Obadiah stepped out the kitchen door followed by Ahab and the guards. The smell of roast lamb followed them out and lost itself in the intoxicating, buttery smell of almond blossoms. But it would take more than the lovely smells and fresh breezes of Fort Jezreel to cheer up Biah.
He led the way between the onions and the cabbage and refused to look at Ahab. Biah bit his lip. He should have given up on Ahab long ago. Did Ahab think a little sackcloth gave Ben-hadad the right to negotiate? It was Arza the bookkeeper all over again. Ahab thought Arza’s smarts could save them money. But King Omri got rid of smart Arza, the two-time loser. If only King Omri were still alive.
Biah lifted his head. This horrible situation had tainted his love for Ahab. He needed an attitude adjustment. Something to boost him out of the grumps. He raised his voice for Ahab behind him. “I put my office back here in the farthest corner to be free from your father’s spies. And when you became king, I kept it here for the same reason. But now that you’ve discovered your headquarters has a back door, maybe I’ll—”
Ahab’s foot brushed a cabbage as he pushed past him. “You’re funny, Biah. I could die laughing.”
Biah grinned to himself. Ahab had never learned to appreciated Biah’s lame attempts at humor. “I take it you’re still upset about Mikey’s message.”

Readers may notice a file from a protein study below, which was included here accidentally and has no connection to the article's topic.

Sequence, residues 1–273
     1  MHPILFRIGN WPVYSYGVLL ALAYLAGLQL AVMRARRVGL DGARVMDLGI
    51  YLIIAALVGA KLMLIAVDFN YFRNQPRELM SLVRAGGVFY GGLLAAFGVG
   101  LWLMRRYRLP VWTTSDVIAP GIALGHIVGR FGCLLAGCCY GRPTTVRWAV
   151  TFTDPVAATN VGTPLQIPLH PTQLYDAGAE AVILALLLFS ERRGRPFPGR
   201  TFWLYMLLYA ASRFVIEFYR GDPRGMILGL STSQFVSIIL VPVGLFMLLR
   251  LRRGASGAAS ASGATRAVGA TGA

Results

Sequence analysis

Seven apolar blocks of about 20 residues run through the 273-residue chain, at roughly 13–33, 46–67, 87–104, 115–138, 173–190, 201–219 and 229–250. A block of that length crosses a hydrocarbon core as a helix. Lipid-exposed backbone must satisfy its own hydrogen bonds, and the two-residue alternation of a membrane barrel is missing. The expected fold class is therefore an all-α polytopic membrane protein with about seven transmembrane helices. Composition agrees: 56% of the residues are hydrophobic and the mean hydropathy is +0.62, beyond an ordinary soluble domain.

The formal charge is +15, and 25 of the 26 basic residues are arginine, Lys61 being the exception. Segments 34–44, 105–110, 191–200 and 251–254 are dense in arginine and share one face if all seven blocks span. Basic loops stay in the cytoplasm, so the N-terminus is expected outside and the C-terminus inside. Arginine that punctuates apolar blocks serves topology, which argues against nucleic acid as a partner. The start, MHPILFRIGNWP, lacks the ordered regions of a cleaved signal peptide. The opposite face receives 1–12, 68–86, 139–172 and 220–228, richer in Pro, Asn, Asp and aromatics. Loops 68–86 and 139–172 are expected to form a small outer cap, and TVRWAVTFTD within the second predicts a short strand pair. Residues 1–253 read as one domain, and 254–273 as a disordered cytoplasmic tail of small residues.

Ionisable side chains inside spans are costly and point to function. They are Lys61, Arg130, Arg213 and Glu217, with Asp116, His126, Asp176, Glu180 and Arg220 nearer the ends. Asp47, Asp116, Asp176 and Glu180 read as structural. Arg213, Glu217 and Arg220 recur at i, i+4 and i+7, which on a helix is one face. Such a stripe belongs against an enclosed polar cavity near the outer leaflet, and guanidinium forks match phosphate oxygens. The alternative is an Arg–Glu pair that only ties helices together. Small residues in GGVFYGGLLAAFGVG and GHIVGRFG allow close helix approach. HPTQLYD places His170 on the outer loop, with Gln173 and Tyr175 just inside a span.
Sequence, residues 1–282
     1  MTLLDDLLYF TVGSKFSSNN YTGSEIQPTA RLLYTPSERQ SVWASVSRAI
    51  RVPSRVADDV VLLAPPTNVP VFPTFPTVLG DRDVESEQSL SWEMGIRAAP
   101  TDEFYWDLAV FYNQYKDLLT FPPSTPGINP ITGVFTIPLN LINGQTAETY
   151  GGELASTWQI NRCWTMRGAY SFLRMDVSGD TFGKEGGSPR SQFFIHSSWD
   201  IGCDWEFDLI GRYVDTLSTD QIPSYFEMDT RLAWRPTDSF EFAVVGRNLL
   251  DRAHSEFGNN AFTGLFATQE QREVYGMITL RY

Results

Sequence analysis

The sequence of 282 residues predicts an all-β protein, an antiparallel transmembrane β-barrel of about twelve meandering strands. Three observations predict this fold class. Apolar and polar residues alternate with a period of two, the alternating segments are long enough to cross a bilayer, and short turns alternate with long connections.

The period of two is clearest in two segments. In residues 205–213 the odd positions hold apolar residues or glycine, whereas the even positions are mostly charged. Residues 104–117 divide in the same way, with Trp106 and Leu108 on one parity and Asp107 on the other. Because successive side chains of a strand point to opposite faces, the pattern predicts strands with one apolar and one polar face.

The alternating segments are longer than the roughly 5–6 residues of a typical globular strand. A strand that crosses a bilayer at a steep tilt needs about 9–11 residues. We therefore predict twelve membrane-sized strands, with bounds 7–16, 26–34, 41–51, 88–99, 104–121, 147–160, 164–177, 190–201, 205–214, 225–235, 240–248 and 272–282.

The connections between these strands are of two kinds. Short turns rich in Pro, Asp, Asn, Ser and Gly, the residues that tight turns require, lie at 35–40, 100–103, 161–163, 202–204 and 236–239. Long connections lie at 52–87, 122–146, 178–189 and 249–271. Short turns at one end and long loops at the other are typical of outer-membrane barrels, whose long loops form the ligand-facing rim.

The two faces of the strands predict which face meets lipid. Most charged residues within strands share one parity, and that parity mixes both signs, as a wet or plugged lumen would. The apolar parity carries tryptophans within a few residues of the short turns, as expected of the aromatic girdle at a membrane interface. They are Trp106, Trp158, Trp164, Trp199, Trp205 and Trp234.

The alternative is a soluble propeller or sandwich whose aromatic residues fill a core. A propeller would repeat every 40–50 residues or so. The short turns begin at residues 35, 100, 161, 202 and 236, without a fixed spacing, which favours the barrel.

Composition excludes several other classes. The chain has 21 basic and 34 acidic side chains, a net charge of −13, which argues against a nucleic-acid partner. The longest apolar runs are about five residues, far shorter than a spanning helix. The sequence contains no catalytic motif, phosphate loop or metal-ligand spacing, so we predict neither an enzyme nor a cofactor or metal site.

Ahab growled. “I didn’t bring you out here to talk about that stupid kid and his dreams.”
“No, really. I don’t get why you kissed Ben-hadad good-bye and let him go free.”
Ahab gave Biah a stare to freeze the Ein Gedi waterfall.
But Biah opened the gate to the alley. “When all you had to do was lift his head from—”
“Just shut up about it, would you?” Ahab spit into the alley. “I brought you out here to show you a garden spot.”
Biah gave two solemn nods. “I shall refrain, my king, and we shall enjoy this beautiful blue-sky day the Lord has given us. So, where’s the garden?”
Ahab pointed to the other side of the alley. “It’s perfect. Right here by the kitchen. We could have carrots and spinach and melons—anything we want—triple our fresh fruits and vegetables at the table.”
Biah’s forehead wrinkled. Ahab pointed at Naboth’s vineyard. He set Ben-hadad free and now…. Not even another lame joke could make Biah smile. “But it’s a vineyard. Naboth’s. In his family forever.”
“I know.” Ahab slowly shook his head. “I offered him a better vineyard, much larger and in a much better location—right on the trunk road. I even told him to name his price.”
Ahab ignored Biah’s head shake and screwed his mouth up like he had just bitten into a sour fig. “He said, ‘The Lord would never let me trade away the inheritance from my ancestors.’” He gritted his teeth. “What’s so special about Naboth’s family that he can’t sell a piece of land?”
Biah closed the gate. After all these years, he shouldn’t be shocked at how little Ahab cared about their heritage. But that fact did not lessen his disappointment. He stood with his hand on the post. “You don’t know, do you?”
Ahab thrust out his chest and put his hands on his hips. His mouth twisted, and he wobbled his head back and forth. “I know he won’t part with silly old vines planted by his great, great Uncle Hiram. I know he’s a sentimental fool.”
“No, I mean you really don’t…know. You have buried yourself so deep in alliances with foreign nations and their gods…” he patted the gatepost “…that you are as ignorant of Moses’ teachings as this gatepost, my king.”